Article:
Saturday, July 2, 2011
DETROIT METAL CITY (2008)
Ever since falling in love with Kiminori Wakasugi's hilarious manga series DETROIT METAL CITY, I'd been jonesing to get my mitts on a subtitled copy of the DVD, and I finally obtained one at the 2009 Big Apple Convention. I remembered seeing some untranslated hype material for the live-action film version (it's also been animated) at the 2008 NY Comicon and at the time I dismissed it as the latest lame-assed Japanese filtering of Western stupidity, but now, having devoured the manga and almost pissing myself with laughter while doing it, I'm the first to admit my prejudicial error and happily proclaim DETROIT METAL CITY to be among the funniest of the post-THIS IS SPINAL TAP lampoons of the heavy metal genre (or in this case, the "death metal" sub-genre).
DETROIT METAL CITY tells the story of Soichi Negishi (pop idol Kenichi Matsuyama, who's surprisingly good here), an acoustic guitar-playing complete pussy of a musician whose fondest desire is to create songs like the Swedish pop music he adores, treacly crap that would give many listeners diabetes.
But Soichi's true gift lies in writing songs and performing as Lord Johannes Krauser II, an over-the-top-offensive death metal singer/guitarist who fronts the series' titular band. When on stage, Soichi loses himself in his demonic stage persona — whose look is more than a little bit influenced by Gene Simmons of Kiss and Mercyful Fate frontman and solo artist King Diamond — and bellows out ultra-stupid songs of rape, bestiality, matricide, patricide and damned near every other "-icide" one can think of, all the while delighting his fans who totally buy into his satanic act as the inspirationally-transgressive real deal.
Detroit Metal City's demonic frontman, Lord Johannes Krauser II (Kenichi Matsuyama again), whose press releases state he raped and killed his parents.
As DMC's popularity flourishes, Soichi's discomfort with his lurid stage antics grows while his insane manager (Yasuko Mitsuyuki) — who determines whether a DMC song is worthwhile by just how wet it makes her —does everything in her power to warp Soichi into a lifestyle more in line with Krauser's purported forays into garden-variety murder, cop-killing, public molestation of the innocent and cannibalism (this corruption is considerably toned down from that sequence in the comics). But despite his success and growing fame/infamy, Soichi keeps his rock 'n' roll self hidden from his friends and family out of a deep sense of shame at what he's doing, to say nothing of how being Krauser brings out parts of his personality that he never knew existed (i.e. very public displays of disrespect for authority, verbal abusiveness toward women, and generally unbecoming behavior that makes the Japanese blanch).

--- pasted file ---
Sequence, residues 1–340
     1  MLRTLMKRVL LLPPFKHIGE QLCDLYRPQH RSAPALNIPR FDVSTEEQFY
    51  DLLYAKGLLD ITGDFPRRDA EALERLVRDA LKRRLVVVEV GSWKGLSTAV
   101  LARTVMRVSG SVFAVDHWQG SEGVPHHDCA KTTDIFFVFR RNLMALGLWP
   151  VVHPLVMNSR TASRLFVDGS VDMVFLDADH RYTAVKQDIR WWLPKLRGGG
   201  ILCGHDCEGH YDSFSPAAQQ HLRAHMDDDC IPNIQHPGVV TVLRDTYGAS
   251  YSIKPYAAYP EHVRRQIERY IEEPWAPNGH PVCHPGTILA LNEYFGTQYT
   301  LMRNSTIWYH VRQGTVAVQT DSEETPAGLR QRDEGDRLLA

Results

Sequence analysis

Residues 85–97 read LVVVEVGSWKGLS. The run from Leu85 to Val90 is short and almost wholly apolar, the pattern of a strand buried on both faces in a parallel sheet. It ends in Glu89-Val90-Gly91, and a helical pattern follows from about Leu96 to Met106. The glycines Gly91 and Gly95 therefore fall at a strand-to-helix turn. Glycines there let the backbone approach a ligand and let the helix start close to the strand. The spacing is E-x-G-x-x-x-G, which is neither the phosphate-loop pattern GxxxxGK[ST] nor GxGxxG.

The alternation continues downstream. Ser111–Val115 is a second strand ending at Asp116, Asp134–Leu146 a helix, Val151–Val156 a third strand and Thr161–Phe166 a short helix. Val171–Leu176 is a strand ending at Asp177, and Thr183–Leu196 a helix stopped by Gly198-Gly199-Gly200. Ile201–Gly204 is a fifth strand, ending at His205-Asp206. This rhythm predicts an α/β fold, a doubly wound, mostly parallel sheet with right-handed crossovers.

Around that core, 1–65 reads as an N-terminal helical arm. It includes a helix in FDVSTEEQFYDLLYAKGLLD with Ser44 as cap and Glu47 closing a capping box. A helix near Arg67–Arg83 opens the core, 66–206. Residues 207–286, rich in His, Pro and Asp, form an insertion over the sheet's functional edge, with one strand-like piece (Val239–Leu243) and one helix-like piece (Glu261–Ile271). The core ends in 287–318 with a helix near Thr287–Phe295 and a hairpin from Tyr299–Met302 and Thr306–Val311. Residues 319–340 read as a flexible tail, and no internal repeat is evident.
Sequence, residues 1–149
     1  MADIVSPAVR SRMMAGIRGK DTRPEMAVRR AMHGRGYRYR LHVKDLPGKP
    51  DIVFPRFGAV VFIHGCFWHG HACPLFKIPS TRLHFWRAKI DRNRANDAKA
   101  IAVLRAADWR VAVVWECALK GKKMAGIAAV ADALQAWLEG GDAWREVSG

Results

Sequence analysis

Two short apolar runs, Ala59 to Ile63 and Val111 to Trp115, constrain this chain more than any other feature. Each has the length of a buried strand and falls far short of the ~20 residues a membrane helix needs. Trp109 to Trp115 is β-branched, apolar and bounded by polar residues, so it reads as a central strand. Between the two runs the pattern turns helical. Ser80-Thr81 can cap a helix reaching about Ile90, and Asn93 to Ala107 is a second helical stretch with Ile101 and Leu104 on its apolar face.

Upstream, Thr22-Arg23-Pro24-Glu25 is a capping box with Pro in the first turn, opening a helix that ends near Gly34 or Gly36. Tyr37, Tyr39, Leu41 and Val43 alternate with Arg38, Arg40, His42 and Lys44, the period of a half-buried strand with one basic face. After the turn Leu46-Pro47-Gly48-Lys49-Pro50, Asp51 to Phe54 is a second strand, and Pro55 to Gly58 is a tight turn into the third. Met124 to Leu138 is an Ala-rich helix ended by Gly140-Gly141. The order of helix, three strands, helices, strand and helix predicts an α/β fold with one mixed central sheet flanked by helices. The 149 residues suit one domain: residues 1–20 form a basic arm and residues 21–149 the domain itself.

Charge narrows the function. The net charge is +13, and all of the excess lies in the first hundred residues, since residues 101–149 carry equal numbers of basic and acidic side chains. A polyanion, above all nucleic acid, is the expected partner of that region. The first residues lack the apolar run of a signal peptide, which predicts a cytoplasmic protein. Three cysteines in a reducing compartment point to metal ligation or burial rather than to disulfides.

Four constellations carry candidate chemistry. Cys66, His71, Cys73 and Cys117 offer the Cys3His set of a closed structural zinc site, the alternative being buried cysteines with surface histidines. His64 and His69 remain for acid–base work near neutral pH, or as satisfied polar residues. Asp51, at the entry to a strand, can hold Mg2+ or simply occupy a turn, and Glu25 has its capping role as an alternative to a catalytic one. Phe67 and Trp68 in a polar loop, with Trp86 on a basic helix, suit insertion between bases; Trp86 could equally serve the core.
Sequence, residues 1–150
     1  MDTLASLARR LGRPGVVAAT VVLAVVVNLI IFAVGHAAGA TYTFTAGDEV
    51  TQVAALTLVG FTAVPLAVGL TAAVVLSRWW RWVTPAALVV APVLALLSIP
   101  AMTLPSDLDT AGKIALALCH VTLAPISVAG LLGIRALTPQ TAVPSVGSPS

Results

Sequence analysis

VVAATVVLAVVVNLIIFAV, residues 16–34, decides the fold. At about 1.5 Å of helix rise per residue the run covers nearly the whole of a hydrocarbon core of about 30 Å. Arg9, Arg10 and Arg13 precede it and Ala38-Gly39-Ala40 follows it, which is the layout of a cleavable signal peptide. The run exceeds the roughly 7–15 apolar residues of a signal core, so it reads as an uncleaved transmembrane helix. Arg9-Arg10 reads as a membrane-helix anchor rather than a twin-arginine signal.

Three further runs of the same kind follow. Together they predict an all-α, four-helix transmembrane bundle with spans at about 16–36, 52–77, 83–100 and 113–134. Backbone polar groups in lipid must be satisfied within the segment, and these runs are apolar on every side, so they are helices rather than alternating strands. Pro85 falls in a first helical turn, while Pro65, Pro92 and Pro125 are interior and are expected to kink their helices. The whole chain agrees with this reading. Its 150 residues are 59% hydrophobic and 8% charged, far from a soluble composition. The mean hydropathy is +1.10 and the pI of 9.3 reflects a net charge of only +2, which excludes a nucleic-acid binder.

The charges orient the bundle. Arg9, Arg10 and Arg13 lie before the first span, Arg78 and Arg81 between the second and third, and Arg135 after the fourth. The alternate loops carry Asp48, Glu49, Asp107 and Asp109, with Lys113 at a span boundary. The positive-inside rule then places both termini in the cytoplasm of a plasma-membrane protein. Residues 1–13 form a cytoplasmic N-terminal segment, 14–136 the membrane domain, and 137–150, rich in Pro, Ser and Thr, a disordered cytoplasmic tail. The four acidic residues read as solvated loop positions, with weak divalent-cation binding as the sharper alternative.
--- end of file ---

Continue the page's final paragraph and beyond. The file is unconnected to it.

The movie is pretty faithful to the manga, but it plays with the narrative's structure to make it more appealing to people other than metalheads and fans of offensive humor. That move excises the aforementioned hardcore corruption of Soichi and makes his interest in a cute journalist (Rosa Kato) more of a conventional and up-front love sub-plot. But at least the filmmakers wisely retained the sub-plot about DMC going up against the retiring American "god of death metal" Jack Ill Dark for the right to be recognized as the greatest, most evil band currently active in the genre. That sequence in the manga is laugh-out-loud hilarious and though considerably tamed for the film, it's still ridiculous enough to pass muster. In fact, when Jack Ill Dark is first seen in the movie during a TV entertainment news segment on his impending retirement, I said to myself, "Y'know, Gene Simmons would have been a no-brainer to play this character..." Then, upon closer examination of the actor playing Dark, I exclaimed, "Holy shit! That is Gene Simmons," so somebody at the casting office had more on the ball than just hiring the letter-perfect guy to play Soichi/Krauser.
The film ends in such a way that it allows both a finite done-in-one ending and the possibility of sequels, so I hope there's more to come, only with more of the manga's utterly anarchic spirit undiluted. If you find the real-life excesses of heavy metal music in general and death metal in particular to be goofy as hell and amusing enough as is, you'll more than likely get a kick out of DETROIT METAL CITY. The only problem is that as far as I know there are no plans to release the film in the States, either theatrically or on legitimate DVD (the copy I got my hands on looks professional and the subtitles are about a 9 out of 10, but it does not appear to be a legally sanctioned release), so your best bet is to see it like I did or keep an eye open for it to turn up in Japanese film festivals, provided you live in a town or city that regularly runs such fare.